Quilting Supply Terms

Tags: quilting fabric, quilting supplies

These are items required in some of our workshops that may be known by different names, depending on where you live in the world. If you know an alternate name for one of these products, please email us.

Appliqué Pressing Sheet - (different from pressing cloth) - a Teflon 2-sided sheet used for fusible appliqué work.  Appliquéd pieces are fused on top of the sheet, which is placed atop the basic pattern.  Once all pieces are ironed in place, the unit can easily be peeled from the sheet.  Also used under painted fabric to avoid paint bleeding through.  Any glue, paint or ink can easily be removed from the sheet. Comes in varying sizes and under various vendors.  The Appliqué Pressing Sheet and Multipurpose Craft Sheet by Bear Thread Designs is a coated non-stick fabric sheet.  Baking paper in Australia and New Zealand can be used as an appliqué pressing sheet.  Parchment paper, while used for the same baking purposes as Baking paper, will not stick to the appliqué pieces for placement.  in Africa, greaseproof paper is like waxed paper without any wax. Very inexpensive, comes in single sheets in sets rolled up.

Batting - the filler used between the top and backing of a quilt.  It adds loft when the piece is quilted and adds warmth when used.  Batts can be made of cotton, polyester, wool or bamboo.  Cotton batting must be quilted fairly close (2-3" apart) to keep it from coming apart over time.  To avoid this, some batts have an 80% core and a scrim of polyester on each side.   Products from the Warm Company are needle-punched to keep the cotton from coming apart.  (wadding in the UK, Africa)

Bobbin thread - also known as lingerie thread.  This is a 60 wt. polyester thread.  It is slick and fine so it does not catch on metallic thread and does not build up when you are doing machine embroidery.

Calico is a kind of print often seen on cotton.  It consists of several small designs and usually is in multiple colors.  The designs are spaced apart and the background color is as important as the design colors.  (UK uses calico as a generic term for all printed cotton.  In New Zealand and Australia, calico is lower grade muslin, bleached or unbleached.)

Cheesecloth has such a loose weave, it is almost like netting.  It can be used to drain cheese or spices in the kitchen, which is how it got its name.  It is not used for sewing except as a textural embellishment. (Muslin in the UK; gauze or cotton gauze in Africa)

Chipboard, gray cardboard is the thickness used on the back of a legal pad in the US.  It is heavy enough to use as a support for cloth covered boxes but easy to cut with a craft knife. (Card in the UK)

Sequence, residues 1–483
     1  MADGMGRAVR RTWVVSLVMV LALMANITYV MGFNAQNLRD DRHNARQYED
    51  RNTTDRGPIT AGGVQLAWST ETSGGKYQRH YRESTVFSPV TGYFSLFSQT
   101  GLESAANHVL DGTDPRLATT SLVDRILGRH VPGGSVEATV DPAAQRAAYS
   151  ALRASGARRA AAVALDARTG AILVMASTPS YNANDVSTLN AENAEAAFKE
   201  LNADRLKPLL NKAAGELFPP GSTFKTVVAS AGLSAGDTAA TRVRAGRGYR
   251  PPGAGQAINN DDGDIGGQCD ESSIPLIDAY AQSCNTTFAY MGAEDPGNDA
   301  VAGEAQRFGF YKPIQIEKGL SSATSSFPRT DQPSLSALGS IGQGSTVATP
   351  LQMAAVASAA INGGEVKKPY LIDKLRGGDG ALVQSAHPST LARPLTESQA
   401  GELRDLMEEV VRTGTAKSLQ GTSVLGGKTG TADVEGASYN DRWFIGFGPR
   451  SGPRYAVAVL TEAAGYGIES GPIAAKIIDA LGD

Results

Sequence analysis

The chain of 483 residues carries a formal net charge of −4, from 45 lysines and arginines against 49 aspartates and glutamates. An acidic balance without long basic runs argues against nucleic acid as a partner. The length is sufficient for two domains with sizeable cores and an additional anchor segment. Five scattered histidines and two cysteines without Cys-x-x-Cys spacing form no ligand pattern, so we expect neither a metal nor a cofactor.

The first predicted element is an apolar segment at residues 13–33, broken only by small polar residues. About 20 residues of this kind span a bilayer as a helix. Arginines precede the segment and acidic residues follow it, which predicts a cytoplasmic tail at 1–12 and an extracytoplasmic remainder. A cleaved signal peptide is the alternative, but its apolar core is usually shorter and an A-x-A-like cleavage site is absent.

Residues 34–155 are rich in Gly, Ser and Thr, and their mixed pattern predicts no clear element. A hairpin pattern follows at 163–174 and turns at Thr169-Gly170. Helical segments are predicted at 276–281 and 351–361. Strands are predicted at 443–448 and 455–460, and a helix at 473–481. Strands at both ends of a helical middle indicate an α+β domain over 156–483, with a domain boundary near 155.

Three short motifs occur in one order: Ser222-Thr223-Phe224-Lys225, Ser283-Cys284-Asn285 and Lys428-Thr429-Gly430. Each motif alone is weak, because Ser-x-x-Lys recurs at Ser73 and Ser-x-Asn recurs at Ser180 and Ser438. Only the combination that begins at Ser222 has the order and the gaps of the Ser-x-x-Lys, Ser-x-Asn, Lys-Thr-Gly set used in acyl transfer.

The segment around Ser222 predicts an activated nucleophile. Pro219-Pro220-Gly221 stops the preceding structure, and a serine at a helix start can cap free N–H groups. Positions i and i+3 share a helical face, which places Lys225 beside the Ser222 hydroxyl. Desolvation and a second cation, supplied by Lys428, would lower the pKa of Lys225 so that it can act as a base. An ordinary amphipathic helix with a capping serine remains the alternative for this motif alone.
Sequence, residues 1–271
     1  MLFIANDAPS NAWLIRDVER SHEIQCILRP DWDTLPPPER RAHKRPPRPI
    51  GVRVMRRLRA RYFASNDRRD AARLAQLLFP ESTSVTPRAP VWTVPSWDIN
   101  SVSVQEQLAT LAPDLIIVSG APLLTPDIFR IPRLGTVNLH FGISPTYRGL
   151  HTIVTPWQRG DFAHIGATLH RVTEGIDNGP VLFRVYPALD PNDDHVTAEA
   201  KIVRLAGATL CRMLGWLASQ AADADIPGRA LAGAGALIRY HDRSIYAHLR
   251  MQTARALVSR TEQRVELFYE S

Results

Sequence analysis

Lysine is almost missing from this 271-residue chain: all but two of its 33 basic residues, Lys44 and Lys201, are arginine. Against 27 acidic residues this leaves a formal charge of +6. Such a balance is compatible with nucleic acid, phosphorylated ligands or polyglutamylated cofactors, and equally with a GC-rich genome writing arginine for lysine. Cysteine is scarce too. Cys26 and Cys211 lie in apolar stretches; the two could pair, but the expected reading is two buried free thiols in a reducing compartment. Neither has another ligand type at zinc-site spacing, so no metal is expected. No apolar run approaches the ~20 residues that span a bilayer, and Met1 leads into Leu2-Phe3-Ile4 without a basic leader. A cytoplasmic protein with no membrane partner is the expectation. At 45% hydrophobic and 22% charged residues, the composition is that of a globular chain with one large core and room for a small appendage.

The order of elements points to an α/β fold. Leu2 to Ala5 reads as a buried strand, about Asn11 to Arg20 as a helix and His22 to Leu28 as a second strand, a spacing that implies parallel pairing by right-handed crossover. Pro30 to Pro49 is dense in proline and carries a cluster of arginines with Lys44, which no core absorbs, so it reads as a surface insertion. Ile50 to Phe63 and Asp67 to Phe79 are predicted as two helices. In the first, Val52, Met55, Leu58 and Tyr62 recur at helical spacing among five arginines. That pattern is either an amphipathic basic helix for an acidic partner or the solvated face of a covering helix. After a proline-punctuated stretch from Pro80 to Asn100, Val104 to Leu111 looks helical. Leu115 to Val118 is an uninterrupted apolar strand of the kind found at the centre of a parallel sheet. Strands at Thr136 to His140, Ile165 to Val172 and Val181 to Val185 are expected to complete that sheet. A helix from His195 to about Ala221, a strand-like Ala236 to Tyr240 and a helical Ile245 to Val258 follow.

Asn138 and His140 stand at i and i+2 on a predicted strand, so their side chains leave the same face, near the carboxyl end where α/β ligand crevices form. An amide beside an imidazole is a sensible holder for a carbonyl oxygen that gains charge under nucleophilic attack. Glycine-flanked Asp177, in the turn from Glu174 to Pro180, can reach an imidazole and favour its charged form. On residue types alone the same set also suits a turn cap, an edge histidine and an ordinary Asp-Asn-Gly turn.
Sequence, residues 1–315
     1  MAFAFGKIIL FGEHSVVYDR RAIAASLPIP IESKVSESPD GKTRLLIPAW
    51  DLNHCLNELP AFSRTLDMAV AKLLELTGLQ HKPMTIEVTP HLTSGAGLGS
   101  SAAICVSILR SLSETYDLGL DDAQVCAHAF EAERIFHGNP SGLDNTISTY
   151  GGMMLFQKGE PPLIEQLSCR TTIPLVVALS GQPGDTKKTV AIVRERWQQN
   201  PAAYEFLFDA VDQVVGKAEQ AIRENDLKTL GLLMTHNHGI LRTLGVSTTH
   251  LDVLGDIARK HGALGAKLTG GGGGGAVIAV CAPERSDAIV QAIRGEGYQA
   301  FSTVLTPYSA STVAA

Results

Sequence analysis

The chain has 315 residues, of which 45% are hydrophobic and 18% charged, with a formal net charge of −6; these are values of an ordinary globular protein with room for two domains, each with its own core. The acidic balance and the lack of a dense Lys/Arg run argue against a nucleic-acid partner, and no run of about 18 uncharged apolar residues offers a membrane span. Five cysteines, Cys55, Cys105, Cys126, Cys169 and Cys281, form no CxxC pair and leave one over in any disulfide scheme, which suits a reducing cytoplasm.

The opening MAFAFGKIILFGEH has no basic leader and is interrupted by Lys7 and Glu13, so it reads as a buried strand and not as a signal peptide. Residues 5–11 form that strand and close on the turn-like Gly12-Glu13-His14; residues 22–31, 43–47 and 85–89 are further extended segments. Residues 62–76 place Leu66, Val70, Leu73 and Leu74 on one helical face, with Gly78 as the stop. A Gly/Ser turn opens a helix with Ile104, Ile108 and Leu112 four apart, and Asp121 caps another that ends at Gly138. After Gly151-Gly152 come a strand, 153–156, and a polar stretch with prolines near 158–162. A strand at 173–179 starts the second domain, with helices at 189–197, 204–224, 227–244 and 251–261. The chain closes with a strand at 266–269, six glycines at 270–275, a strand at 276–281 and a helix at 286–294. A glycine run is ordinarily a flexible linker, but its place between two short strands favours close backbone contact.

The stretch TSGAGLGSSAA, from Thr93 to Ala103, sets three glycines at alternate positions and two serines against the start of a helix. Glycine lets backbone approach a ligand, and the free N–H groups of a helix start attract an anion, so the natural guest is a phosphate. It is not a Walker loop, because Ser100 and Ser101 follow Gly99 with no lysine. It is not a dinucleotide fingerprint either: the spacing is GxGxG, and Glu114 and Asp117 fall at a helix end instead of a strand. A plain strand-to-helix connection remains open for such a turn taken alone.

Cotton fabric - in this context, this is a shirtweight cloth.  The thread count will not be as dense as a sheet but will be more like a man's dress shirt.  A good quality cotton will not turn into a mass of wrinkles when you ball it up in your hand.  Fabric that has a stiff feel to it in the shop has a great deal of sizing in it to hide its real qualities. 

Cotton organdy - a very thin, stiff woven cotton fabric used for wing needle sewing

Freezer paper - a treated paper used to store frozen foods, it can be found in the grocery store.  One side has a waxy surface which will stick to fabric when ironed.  It is marketed to quilter's in precut sheets.  This is NOT a good choice for paper pieced foundations as it is too heavy.

Fusible interfacing  - This comes in all thicknesses.  It also comes woven and non-woven. The woven is more like a fabric and is used in clothing.  Non-woven is better for stabilizing stitches, especially with free-motion where you do not remove it afterwards.  Called stiffener in many countries.

Fusible webbing, sometimes known as double sided bonding, is a lacy-like glue that comes with a paper backing.  Sold by the yard or in 8 x 10 size packaging.  Fabric is placed on the glue side and fused by ironing on the paper side.  Once the fabric piece is cut to shape, the paper side can be removed (peeled off) so the fabric is left with the lacy glue on the back, ready to be placed and fused to another fabric.  For appliqué use mainly.  Not the same as fusible interfacing.   Vliesofix is a well-known brand in NZ and Australia and is like a light Wonder Under.  It can be easily stitched through.  Some fusible webbings are very thick and will gum up your needle so use the lightweight fusibles.  Climate can affect fusibles. They do not last as long in drier conditions. 

Interfacing (stiffener) actually comes in three forms - woven, knitted (stretchy for lingerie) and spun (non-woven).  Each has particular qualities of stiffness, thickness and function.  Each can be found fusible or non-fusible.

Interfacing - gridded in 1" squares.   Pellon Tru-Grid 44" White is a non-woven pattern tracing cloth for altering and enlarging patterns.  It is printed with 1" squares in blue ink.  This is inexpensive, available on rolls in chain stores and is NOT fusible.  If you cannot find the interfacing with lines, any non-fusible lightweight interfacing will be fine.  You want something that is thin and drapes like fabric.

Invisible thread - this thread comes in clear and smoked and is supposed to disappear on fabric.  It does have a shine.  The old type was made of nylon, the new thread by Superior and Sulky is made of polyester.  It should never be more than .04 mm thick.  Nylon is known to get brittle and break down over time, especially when exposed to sunlight.